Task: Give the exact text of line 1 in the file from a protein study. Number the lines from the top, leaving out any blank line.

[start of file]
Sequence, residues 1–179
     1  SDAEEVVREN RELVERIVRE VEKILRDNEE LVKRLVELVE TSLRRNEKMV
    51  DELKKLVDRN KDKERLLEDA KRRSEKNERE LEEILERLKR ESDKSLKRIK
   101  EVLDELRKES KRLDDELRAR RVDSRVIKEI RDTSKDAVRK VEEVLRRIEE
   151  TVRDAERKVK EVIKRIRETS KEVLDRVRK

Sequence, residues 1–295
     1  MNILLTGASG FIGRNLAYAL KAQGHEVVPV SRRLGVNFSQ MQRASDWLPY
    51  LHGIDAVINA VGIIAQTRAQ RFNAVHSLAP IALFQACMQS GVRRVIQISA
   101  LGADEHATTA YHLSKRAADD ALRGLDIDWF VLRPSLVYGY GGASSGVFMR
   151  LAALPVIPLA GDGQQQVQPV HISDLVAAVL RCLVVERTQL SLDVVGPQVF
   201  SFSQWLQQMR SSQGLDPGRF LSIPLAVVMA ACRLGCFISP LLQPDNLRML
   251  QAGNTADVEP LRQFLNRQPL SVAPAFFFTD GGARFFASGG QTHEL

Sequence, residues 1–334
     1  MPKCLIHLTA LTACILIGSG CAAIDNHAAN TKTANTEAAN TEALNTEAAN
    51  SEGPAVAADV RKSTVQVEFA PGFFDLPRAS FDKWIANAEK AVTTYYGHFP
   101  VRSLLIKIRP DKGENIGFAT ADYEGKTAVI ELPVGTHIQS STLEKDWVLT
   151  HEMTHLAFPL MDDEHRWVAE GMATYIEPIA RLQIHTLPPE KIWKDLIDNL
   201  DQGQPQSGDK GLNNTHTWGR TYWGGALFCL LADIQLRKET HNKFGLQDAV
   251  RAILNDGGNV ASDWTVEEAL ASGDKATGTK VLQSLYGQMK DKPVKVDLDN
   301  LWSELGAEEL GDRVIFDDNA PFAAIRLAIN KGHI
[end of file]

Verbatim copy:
Sequence, residues 1–179